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THE HEAT IS ON

<p>The disgust in New York is understandable. The level of betrayal in Cleveland is unmeasurable.</p>

Why it’s the right move


It made all the sense in the world, from a basketball point of view, to leave Cleveland. Antawn Jamison, Mo Williams and Anderson Varejao weren’t going to help LeBron James win multiple rings. Going to Miami, however, makes him a better threat to eventually catch Kobe Bryant in titles and NBA stature — and catch Tiger Woods in off-the-court riches.


James now has D-Wade and Chris Bosh as his running mates, instantly making Pat Riley’s crew a title contender. Leaving almost $30 million on the table will hurt in the long term but pay off down the line.


Why it’s the wrong one


Let’s face it, after all the hype of the last two years — nearly all of it by his own doing — there was no way LeBron James was coming out of this thing a winner.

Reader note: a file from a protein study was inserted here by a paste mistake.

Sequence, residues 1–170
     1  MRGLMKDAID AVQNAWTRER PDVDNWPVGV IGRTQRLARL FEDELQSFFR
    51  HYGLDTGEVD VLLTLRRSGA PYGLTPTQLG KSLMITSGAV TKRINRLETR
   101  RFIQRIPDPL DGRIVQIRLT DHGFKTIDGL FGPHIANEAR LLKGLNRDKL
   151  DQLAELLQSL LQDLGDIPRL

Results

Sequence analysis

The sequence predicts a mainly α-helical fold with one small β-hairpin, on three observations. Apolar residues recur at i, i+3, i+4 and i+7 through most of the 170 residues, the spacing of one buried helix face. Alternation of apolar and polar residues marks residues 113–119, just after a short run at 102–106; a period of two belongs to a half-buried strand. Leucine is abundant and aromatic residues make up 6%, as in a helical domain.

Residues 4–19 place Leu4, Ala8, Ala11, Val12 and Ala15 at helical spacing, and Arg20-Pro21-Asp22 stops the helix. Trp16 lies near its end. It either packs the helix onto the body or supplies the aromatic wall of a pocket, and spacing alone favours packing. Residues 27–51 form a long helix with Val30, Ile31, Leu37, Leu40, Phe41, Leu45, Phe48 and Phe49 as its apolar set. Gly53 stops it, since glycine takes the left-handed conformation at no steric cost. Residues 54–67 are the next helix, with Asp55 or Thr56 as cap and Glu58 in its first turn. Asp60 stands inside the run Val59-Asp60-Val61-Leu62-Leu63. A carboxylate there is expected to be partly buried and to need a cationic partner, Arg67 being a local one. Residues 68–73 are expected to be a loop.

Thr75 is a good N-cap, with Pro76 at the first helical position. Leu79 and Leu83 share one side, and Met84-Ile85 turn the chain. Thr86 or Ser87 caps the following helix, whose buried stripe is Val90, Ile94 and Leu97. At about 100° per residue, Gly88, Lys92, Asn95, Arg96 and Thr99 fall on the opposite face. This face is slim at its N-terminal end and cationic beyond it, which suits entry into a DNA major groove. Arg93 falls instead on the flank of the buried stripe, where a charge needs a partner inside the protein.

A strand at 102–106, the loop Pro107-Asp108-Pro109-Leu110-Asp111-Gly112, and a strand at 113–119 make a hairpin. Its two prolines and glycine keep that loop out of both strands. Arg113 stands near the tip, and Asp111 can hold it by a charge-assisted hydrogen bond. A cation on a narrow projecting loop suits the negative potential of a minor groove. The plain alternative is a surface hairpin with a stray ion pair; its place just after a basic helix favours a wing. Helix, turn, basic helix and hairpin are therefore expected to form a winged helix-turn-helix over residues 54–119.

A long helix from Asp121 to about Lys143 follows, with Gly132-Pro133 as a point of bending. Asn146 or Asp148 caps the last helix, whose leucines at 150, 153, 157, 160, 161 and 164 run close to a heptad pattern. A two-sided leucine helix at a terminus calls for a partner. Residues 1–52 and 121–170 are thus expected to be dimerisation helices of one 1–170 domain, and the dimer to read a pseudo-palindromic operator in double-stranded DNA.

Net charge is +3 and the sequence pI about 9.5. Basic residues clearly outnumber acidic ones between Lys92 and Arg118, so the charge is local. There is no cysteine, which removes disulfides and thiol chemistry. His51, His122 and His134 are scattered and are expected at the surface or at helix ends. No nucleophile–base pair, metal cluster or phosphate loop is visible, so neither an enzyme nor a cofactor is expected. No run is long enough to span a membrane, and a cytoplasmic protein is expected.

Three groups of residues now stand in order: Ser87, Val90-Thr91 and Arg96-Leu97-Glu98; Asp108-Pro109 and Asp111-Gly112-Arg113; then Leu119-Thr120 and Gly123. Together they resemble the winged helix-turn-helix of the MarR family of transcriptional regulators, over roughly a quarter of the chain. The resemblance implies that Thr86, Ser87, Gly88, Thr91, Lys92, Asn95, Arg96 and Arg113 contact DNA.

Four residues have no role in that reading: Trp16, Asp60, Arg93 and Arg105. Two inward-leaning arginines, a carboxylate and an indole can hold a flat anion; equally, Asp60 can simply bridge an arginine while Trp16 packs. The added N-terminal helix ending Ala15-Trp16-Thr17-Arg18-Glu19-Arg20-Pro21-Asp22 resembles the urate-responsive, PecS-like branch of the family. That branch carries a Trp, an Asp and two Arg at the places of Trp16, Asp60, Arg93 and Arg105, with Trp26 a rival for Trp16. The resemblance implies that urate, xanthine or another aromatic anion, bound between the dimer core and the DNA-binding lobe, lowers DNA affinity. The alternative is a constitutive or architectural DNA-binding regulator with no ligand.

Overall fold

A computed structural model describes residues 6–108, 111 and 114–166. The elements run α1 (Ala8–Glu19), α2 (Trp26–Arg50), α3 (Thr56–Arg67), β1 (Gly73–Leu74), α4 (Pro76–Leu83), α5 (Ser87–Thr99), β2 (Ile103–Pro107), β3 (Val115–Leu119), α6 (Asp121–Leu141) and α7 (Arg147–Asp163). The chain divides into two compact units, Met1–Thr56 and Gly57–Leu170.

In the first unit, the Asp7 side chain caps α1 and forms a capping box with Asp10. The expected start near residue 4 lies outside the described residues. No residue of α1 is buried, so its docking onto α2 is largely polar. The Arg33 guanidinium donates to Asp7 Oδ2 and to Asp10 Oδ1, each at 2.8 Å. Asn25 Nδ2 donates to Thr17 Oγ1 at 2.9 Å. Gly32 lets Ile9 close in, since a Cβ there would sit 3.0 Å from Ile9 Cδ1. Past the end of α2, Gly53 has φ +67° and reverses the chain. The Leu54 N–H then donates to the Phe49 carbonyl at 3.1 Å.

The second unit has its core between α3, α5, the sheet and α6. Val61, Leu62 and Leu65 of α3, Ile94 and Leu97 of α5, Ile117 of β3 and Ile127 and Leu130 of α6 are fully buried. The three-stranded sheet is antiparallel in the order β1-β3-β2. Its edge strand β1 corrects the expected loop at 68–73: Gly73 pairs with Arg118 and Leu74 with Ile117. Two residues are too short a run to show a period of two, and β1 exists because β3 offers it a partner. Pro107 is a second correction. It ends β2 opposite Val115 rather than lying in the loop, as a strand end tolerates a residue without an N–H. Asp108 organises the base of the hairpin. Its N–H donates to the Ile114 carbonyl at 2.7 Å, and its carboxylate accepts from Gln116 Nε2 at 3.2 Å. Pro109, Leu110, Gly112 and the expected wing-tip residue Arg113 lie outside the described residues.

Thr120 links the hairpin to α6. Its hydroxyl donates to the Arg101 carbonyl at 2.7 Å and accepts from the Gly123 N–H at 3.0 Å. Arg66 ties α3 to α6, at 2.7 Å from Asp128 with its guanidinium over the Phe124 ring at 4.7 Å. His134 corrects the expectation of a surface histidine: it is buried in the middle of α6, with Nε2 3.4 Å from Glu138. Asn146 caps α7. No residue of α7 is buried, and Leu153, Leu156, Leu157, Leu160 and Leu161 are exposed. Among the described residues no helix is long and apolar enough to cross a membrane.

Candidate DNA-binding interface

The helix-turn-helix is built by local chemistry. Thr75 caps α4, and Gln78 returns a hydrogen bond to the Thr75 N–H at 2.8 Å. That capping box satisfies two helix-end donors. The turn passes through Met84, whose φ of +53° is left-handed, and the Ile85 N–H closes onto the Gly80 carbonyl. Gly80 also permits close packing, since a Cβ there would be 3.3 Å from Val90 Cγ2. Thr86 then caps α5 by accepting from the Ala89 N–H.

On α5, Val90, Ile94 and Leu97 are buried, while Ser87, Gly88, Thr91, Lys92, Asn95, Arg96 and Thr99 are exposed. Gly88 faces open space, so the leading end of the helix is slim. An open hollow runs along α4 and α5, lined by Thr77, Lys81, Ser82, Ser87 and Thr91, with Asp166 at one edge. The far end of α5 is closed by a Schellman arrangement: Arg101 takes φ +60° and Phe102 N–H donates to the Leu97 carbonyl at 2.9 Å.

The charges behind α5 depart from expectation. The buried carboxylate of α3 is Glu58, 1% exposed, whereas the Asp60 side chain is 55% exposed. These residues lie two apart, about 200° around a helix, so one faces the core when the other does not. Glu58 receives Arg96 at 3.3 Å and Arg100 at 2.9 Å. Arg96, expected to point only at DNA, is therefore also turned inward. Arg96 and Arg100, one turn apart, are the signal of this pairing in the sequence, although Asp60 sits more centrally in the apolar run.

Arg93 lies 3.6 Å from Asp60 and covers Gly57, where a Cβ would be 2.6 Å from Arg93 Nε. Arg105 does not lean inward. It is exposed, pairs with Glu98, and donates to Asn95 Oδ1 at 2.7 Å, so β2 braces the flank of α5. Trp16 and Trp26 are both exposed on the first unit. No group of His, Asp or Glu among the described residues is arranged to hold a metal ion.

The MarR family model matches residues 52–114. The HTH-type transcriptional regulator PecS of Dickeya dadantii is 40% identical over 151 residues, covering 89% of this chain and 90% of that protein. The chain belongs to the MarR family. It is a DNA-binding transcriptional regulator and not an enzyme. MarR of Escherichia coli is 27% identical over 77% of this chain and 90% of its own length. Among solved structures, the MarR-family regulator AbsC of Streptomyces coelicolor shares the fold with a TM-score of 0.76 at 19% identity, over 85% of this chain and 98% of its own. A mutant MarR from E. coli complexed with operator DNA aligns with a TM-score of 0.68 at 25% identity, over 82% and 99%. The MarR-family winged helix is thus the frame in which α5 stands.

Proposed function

Once considered loyal to a fault, James will forever shoulder the burden as the man who killed Cleveland sports and quite possibly its local economy. And if you want to talk about going to the best place to win, well, that was in Chicago, not Miami. Since when is Chris Bosh a bigger star than Carlos Boozer?


We can now forget about putting LeBron anywhere near Michael, Magic or Kobe. Those greats didn’t piggyback another superstar to win a title. They were men. They won it on their own.

 
 
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